May 30, 2000

The Cuba Connection

Boston Globe

A complete list of defectors

By the Globe Staff, 5/30/2000

Athletes who have left Cuba to participate in the US or other countries:

Roberto Aldazabal, Gymnastics: Defected at the 1993 Central American and Caribbean Games. Helped by friend who had defected three years before. Won gold medal on uneven parallel bars.

Ivan Alvarez, Baseball: Pitcher signed for $35,000 with San Francisco in 1993; Retired from Burlington Bees in 1995.

Yamilet Amaro, Field hockey: Defected at 1993 Central Amercian and Caribbean Games at age 22. Uncle Tony Suarez defected in 1988 from Cuba to Miami. Walked off field one Saturday morning with a teammate. Current whereabouts unknown.

Jesus Amettler, Baseball: Second baseman defected in 1996 through Mexico. Batting .250 at Double A Arkansas (Cardinals).

Boris Anansibea, Judo: Defected from the 1993 Central American Caribbean Games just before the Cuban delegation was scheduled to fly home. Current whereabouts unknown.

Rene Arocha, Baseball: Signed for $15,000 with St. Louis in 1991; injured elbow in 1996. Pitched in Mexican League in 1999 (1-7, 4.15 ERA).

Rolando Arrojo, Baseball: Pitcher defected in 1996. Signed for $7 million by Tampa Bay and made 1998 All-Star game; traded to Rockies after 1999 season; 2-4 with 7.19 ERA this season.

Danys Baez, Baseball: Pitcher defected at Pan Am Games in 1999. Just promoted to Double A Akron (Indians). Was 2-2, 4.91 ERA in Single A.

Jorge Enrico Blanco, Boxing: Walked away from Cuban team at 1967 Pan Am Games. Now lives in Texas under the name Jesse Ravelo and coaches professional and amateur fighters.

Norge Blay, Water Polo: Defected at 1993 Central American and Caribbean Games. He was a 26-year-old forward on gold medal team before defecting. Left competition site in Ponce with teammate Antonio. Resides in Puerto Rico, but often visits other former members of the Cuban water polo team in Miami.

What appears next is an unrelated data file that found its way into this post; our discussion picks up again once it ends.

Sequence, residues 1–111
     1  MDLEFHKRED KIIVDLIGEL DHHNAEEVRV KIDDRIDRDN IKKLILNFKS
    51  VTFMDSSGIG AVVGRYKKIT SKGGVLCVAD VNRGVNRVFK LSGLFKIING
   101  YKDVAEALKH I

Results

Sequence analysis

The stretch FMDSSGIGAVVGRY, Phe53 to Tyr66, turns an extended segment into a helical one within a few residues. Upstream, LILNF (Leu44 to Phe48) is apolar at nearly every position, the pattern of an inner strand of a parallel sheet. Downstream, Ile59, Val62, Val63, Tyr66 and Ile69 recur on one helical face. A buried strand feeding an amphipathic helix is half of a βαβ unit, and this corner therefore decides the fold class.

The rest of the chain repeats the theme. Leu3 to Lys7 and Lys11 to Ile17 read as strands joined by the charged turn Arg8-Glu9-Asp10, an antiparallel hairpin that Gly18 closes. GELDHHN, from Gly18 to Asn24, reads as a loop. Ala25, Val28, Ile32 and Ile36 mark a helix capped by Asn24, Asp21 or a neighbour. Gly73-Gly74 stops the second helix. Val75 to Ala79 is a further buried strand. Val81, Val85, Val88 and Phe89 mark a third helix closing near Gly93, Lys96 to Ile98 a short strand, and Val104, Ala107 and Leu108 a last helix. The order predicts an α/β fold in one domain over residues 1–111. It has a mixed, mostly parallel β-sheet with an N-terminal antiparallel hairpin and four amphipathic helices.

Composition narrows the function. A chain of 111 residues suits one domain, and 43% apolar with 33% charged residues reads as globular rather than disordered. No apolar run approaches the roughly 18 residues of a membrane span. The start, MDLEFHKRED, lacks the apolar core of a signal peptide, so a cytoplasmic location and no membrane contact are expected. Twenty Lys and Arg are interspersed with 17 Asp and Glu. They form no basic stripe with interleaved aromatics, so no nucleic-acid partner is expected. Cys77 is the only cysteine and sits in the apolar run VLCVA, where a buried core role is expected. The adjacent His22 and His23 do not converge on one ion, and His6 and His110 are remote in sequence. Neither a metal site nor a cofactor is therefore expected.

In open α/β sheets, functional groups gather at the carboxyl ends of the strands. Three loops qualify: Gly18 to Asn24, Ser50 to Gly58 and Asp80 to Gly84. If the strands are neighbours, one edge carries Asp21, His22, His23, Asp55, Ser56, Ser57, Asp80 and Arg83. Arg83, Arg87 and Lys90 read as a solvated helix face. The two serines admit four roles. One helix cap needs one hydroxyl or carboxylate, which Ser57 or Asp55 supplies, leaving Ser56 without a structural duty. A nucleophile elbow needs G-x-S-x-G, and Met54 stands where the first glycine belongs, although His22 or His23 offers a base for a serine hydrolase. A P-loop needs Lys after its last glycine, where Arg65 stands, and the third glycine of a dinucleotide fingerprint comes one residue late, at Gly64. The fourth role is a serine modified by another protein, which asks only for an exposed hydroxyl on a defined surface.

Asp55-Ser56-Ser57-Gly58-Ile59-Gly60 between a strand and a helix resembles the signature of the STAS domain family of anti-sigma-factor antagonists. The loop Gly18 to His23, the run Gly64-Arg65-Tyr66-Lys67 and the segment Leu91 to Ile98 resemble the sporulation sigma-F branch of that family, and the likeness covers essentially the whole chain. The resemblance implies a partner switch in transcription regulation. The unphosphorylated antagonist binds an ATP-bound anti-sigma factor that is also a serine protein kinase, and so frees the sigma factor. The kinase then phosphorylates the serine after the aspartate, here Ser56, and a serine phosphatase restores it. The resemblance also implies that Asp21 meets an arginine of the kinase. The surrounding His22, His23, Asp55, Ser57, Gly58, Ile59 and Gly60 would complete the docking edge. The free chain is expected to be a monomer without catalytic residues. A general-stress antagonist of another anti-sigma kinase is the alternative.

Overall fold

Lazaro Borrell, Basketball: Defected at an Olympic qualifying tournament in July '99 in Puerto Rico. The 26-year-old plays center. He signed a two-year contract with the Seattle SuperSonics in September.

Felix Isasi Bustamante, Baseball: Outfielder defected in Spain; unsigned.

Juan Carlos Bruzon, Baseball: Outfielder gained political asylum in 1999; signed with Winnipeg of Northern League in March.

Alexis Cabreja, Baseball: Outfielder defected in 1992; signed with Texas Rangers but never made it past Single A.

Ramon Campoallegre, Water polo: Defected in 1998 from a training camp in Mexico. Currently serves as a lifeguard in the Miami area.

Joel Casamayor, Boxing: Defected in late June 1996 at a pre-Olympic training camp. He recently won the WBA superfeatherweight title.

Elieser Castillo, Boxing: Came to US in 1994 in an inner tube. Heavyweight trains in Atlantic City.

Elisio Castillo, Boxing: Came to US in an inner tube. Cruiserweight trains in Miami.

Angel Coballero, Basketball: The 28-year-old guard defected at Olympic qualifying tournament in July '99 in Puerto Rico. He currently lives in Puerto Rico.

Roberto Colina, Baseball: First baseman defected in 1996; released by Blue Jays last month; defected in 1996.

Jose Tejada Cortina, Gymnastics: Defected at the 1993 Central American and Caribbean Games. Claimed he earned the equivalent of $1.75 a month in Cuba. Helped in Puerto Rico by exile group known as the Comite Cubano Por Derechos Humanos

Conrado Cabrera, Cycling: Defected after competing in the 1993 Central American and Caribbean Games. Current whereabouts unknown.

Juan Carlos Diaz, Baseball: First baseman is batting .275 with 4 HRs at Single A Sarasota (Red Sox).

Noel de la Cruz, Cycling: Defected after competing in the 1993 Central American and Caribbean Games. Current whereabouts unknown.

Ana Santiago Diaz, Sharpshooter: Defected at 1993 Central American and Caribbean Games. Waited a long time to defect and didn't tell his mother. Current whereabouts unknown.

Jorge Diaz, Baseball: Second baseman in extended spring training with Rangers.

Ivan Dominquez, Cycling: Defected at the 1998 Goodwill Games. He now trains with a cycling team based in Orlando.

Alfonso Donate, Archery: Coach defected at 1993 Central American and Caribbean Games. Current whereabouts unknown.

Alfonso Donate, Archery: Defected with father at 1993 Central American and Carribean Games. Father trained son so he could become a member of the national team and both could defect. Left behind mother and sister. Current whereabouts: unknown.